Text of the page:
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Guelph-based harness driver James MacDonald joins rare company

Driver James MacDonald is nominated for the Standardbred Canada Driver of the Year award after a strong 2022 at Mohawk that saw him win 404 races

Guelph's James MacDonald is cementing his legacy as one of the best to ever compete in the sport of harness racing.

MacDonald, the youngest of five brothers, is up for his second straight Canadian Driver of the Year award after a strong 2022 at Woodbine Mohawk Park.

The native of Prince Edward Island became just the fifth driver in Woodbine's near 60-year history to record 400 wins in a calendar year, and the first since his older brother Mark recorded 404 victories in 2006.

The 400-win milestone wasn't thought to be possible until the last few weeks of the year for MacDonald, whose winnings topped $8.8 million in 2022.

MacDonald said he also wasn't aware of the exclusive club he was entering.

"It wasn't really a chase. Just try and show up every night and do the best you can," he said. "My goal is just (to) be consistent, try and show up with a good attitude and do the best you can."

The sport comes with its own set of challenges. For one, as MacDonald says, it's "risky business."

From bumps to bruises, to a broken ankle, broken collarbone, a dislocated shoulder, and concussions, MacDonald has spent plenty of time on the injured list over the years as a result of on-track spills.

"You pretty much take your life into your hands every time you go behind the gate," he said. "I always tell people it's kind of like that saying when you hear bullfighting. It's not like if you're going to get hurt, it's when and how bad. Unfortunately it happens."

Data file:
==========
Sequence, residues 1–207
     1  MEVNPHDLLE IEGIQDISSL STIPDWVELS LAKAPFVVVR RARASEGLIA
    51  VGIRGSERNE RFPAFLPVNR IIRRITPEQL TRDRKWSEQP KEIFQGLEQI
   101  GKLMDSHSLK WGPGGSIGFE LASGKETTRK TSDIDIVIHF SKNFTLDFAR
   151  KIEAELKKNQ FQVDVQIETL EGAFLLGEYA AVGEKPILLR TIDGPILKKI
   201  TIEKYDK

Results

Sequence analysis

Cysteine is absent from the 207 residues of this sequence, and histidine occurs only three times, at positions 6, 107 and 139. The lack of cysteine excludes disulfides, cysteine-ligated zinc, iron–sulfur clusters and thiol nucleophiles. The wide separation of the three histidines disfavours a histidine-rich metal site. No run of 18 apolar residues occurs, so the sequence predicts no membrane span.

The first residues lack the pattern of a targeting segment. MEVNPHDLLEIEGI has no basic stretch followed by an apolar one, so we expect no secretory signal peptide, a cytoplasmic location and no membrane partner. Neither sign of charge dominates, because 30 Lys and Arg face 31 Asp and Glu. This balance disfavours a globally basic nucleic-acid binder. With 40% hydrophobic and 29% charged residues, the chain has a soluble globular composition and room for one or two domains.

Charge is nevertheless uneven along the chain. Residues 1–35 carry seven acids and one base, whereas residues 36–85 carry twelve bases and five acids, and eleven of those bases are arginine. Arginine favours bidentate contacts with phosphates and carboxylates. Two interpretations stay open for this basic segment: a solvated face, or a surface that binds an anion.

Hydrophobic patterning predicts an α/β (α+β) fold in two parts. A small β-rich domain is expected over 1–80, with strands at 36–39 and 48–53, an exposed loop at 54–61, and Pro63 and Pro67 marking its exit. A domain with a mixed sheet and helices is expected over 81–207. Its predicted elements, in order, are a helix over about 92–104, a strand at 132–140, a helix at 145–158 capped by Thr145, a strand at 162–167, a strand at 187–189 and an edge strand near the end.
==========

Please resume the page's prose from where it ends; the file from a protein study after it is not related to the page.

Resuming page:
But worrying about it, he said, is just a waste of time, adding you have to focus on the task at hand.

On race day, he's spending time getting as much intel as possible on the horses he's driving. This past Monday, MacDonald said he had 11 different horses to drive.

"A lot of them are (the) first time I've driven them," he said. "But a lot of them, I've driven them prior or drive almost every week."

With that, the team environment of horse racing becomes crucial, learning as much about the horse as quickly as possible before races.

"You try and take what the trainer tells you, and then figure more out on your own as you're out there because they're completely different training than they are racing," MacDonald said.

Getting to pick the brains of two brothers who race also helps.

Mark is still racing in the United States, based in New York. But he keeps a watchful eye on his younger brother.

"We've always helped," Mark says over the phone about his brother. "Any time I can throw my two cents, or James would bounce things off me when he first started driving, a good sounding board for him."

Brother Anthony, also a longtime driver, owns and operates with his wife Amy, a company that allows people to own a percentage of a racehorse.

His other two brothers, Lloyd and Curtis, are also involved in the sport, but work on the media side of things. Curtis operates the Guelph-based photography and videography company Cujo Entertainment.

James, the youngest of the bunch, is in the spotlight on the track after a successful 14th year.

"The numbers are great, and it's great to have that 400 wins at Mohawk and it's great to have high earnings and purse earnings," he said. "But you want the trophies, you want the big ones and it just starts with staying consistent and working hard every night."

He'll find out next month if the numbers have paid off with a second straight O'Brien Awards win from Standardbred Canada as the Keith Waples Driver of the Year. A black tie gala will be held in Mississauga Feb. 4.

James isn't counting his chickens just yet. 

But for older brother Mark, who won back-to-back driver of the year awards in 2005 and 2006, he said he'd be shocked if James didn't repeat the feat.

"No one cheers harder for James than I do," Mark said. "What he's been able to do the last few years, I always tell anybody James is the best athlete in the family, by far."